Gulf of California classified as a threatened world heritage

Vaquitas: The world's smallest whale is critically endangered

The World Heritage Committee has followed the advice of the IUCN and has identified the Mexican islands and protected areas in the Gulf of California as endangered world heritage. The population of the Vaquitas - the smallest and most vulnerable porpoise in the world - has been decimated by the illegal trade in marine products, possibly leaving only ten individuals...

In recent years, illegal fishing in the Gulf of California has wreaked havoc on the unique sealife world and has brought the Vaquitas on the verge of extinction. The porpoise becomes entangled in nets used illegally to fish another endangered species, the Totoaba fish, whose swim bladder scores high on Asian markets.

"It is an alarming indicator of the seriousness of the illegal wildlife trade that we will soon see the extinction of such an iconic species as the Vaquitas - within the perceived security of a world heritage," says Peter Shadie, director of the IUCN World Heritage Program.

The islands and protected areas of the Gulf of California were declared a World Heritage Site in 2005 for their exceptional marine biodiversity. The site consists of 244 islands, islets and coastal areas in northeastern Mexico, with 39% of marine mammals and one third of whales in the world. The Upper Gulf of California is the only place on earth where the Vaquitas occur.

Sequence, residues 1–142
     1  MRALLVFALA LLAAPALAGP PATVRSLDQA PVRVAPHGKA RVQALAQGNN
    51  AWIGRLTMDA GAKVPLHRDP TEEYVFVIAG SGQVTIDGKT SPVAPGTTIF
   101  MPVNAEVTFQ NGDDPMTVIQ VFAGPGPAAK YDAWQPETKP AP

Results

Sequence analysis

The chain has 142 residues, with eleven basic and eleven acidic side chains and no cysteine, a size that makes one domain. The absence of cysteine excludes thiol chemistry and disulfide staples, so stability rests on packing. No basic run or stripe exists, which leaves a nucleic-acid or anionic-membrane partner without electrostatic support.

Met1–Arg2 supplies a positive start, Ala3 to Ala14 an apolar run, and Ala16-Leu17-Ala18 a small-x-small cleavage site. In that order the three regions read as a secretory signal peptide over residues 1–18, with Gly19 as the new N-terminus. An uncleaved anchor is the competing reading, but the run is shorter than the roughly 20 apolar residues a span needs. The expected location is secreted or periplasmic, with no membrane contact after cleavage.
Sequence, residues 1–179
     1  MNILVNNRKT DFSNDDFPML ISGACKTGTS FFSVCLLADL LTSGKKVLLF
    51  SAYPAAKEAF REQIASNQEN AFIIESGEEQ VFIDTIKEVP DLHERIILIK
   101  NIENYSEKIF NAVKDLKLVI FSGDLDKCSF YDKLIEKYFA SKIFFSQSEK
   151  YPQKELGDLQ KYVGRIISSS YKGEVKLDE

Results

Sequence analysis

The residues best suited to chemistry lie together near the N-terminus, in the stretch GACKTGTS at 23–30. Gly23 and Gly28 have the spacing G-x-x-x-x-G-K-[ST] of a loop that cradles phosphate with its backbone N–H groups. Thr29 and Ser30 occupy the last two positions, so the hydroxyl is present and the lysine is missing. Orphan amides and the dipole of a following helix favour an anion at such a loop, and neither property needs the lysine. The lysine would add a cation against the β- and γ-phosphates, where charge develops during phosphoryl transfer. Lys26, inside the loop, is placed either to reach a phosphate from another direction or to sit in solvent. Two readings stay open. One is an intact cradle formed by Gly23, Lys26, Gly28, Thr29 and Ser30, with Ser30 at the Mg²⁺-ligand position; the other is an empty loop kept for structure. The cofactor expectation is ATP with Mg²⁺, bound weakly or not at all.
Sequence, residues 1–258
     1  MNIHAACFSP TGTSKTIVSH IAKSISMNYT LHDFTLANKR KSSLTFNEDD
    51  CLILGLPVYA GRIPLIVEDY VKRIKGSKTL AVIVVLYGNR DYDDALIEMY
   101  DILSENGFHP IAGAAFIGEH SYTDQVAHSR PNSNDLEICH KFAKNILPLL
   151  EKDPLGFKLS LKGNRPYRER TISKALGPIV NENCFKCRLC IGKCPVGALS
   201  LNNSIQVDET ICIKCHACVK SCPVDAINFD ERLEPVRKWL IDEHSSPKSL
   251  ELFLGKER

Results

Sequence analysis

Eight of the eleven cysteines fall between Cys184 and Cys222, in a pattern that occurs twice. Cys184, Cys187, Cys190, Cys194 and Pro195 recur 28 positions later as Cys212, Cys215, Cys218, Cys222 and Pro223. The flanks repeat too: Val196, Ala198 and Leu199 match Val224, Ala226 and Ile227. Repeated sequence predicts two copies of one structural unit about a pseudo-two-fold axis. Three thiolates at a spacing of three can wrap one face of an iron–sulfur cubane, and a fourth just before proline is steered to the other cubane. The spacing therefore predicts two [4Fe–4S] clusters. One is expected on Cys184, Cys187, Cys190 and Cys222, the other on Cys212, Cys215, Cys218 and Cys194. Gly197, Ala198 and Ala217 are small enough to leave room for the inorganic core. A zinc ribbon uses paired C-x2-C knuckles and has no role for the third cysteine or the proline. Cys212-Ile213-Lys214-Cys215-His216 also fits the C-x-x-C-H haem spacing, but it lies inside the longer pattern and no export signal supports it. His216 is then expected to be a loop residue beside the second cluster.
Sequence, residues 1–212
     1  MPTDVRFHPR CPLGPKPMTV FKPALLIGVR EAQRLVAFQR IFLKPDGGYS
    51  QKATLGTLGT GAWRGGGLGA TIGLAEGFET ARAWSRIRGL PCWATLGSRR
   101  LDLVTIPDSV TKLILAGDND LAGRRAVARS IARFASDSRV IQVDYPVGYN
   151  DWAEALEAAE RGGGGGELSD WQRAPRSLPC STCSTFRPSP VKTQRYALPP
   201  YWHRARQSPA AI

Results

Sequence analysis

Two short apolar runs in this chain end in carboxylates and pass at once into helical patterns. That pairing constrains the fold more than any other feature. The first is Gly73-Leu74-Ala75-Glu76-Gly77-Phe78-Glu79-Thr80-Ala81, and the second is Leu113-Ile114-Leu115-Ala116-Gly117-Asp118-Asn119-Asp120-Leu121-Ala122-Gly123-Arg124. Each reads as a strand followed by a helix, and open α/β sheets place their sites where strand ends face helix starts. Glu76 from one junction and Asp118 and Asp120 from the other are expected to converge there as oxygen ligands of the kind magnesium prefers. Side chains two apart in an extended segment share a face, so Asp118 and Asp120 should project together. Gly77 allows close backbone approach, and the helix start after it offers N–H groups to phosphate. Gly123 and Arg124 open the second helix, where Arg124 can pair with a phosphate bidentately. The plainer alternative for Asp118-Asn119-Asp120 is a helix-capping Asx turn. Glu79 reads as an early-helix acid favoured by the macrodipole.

In 2017, the population of Vaquitas dropped dramatically from about 300 to an estimated 30. The attempts to breed Vaquitas were quickly abandoned, as the porpoise proved very susceptible to captive-related stress (see also here).

Experts estimate that in the summer of 2018 - before the current fishing season - ten Vaquitas were left. The high level of illegal fishing on Totaloaba continued in the Upper Gulf of California in 2018 and 2019, and even escalated, even in the small area where the few Vaquitas still live.

Following two recent missions and regular surveillance, the IUCN and the UNESCO World Heritage Center concluded that the threat of illegal fishing in the Gulf of California justifies the inclusion of the site in the World Heritage List.

As recommended by the IUCN, Mexico now needs to take all necessary measures to protect the remaining vaquitas and develop longer-term solutions to ensure a sustainable livelihood for local communities in the Gulf of California, including through improved sustainable fishing practices.

The World Endangered Heritage List is a mechanism designed to facilitate emergency response to the conservation and international support of high-risk World Heritage Sites.

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